Fox Fellow Clint Watts on Responses to Russian Influence Campaigns
The most serious issue for Twitter is that its platform is perfectly suited for anonymous propaganda campaigns. It’s long been known that people can create so-called Twitter bot armies that can be automated to push a particular message, spread disinformation, or boost an existing message in an effort to increase its reach. During testimony to the Senate Select Committee on Intelligence in March, experts described how Twitter became one of the key facilitators of the Russian operation. During the testimony, Thomas Rid, a cyber security expert, told the committee that Twitter was one of several “unwitting agents” in the Russian operation due to the “fully automated bots as well as semi-automated spam and trolling accounts [that] make up a sizeable part of Twitter’s active user base.”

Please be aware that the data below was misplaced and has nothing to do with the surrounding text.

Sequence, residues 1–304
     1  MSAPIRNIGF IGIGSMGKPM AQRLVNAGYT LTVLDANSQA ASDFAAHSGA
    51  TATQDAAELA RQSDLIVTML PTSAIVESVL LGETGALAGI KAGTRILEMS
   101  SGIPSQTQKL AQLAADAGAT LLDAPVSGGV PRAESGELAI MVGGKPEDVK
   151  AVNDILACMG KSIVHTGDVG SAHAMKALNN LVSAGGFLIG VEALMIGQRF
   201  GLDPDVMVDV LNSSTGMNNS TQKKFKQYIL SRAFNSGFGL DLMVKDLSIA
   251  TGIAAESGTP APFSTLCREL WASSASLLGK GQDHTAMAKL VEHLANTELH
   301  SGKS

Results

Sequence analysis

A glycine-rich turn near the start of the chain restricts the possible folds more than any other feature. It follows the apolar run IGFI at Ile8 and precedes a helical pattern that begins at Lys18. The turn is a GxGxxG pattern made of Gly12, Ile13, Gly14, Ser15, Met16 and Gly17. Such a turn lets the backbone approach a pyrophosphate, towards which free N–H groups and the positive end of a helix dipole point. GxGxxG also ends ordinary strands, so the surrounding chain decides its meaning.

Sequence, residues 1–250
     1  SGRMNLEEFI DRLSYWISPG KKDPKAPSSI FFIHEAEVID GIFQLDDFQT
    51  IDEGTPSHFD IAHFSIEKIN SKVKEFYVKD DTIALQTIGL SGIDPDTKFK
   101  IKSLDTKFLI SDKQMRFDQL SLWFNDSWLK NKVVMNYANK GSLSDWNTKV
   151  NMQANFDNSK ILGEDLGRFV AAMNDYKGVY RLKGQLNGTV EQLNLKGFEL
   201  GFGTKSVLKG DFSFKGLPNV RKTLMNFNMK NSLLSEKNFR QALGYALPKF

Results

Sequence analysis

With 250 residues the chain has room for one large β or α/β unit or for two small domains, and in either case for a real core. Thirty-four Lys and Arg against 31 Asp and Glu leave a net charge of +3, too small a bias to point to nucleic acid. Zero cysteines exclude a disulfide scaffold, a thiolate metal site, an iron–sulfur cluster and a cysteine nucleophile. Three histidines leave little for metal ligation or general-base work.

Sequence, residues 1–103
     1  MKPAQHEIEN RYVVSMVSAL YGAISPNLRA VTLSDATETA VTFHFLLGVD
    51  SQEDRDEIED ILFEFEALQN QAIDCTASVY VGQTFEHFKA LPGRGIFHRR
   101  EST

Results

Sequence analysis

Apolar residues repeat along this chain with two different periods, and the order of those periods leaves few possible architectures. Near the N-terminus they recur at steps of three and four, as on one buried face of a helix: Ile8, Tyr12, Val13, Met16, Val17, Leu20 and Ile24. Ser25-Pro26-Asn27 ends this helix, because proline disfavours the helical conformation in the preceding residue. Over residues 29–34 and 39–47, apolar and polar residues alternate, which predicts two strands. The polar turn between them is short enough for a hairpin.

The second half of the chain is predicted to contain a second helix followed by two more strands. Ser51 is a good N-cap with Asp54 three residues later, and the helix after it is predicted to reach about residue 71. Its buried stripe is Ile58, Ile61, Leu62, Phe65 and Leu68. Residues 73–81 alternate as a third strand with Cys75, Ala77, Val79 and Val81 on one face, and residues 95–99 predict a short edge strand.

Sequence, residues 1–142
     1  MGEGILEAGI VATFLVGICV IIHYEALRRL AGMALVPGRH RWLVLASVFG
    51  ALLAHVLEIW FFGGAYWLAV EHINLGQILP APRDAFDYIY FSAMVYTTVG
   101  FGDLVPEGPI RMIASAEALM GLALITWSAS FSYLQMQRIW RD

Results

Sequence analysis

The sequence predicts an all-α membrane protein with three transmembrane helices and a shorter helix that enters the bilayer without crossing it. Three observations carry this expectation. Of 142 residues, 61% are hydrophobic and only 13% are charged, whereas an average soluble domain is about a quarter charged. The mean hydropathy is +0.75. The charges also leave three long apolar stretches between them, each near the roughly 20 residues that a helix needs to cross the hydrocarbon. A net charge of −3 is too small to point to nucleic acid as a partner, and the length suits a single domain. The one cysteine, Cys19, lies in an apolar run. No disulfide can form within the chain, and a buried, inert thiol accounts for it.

Clint Watts, a former FBI agent who has tracked the Russian influence campaign, told the New York Times earlier this month that Facebook appears to have made some efforts to address concerns about foreign actors using it as a launching pad for disinformation campaigns, but Twitter hasn’t. “Bots have only spread since the election,” he said. USA Today reported last week that social media is a “red-hot” focus of special counsel Robert Mueller’s probe into possible ties between associates of President Trump and Russian election meddling.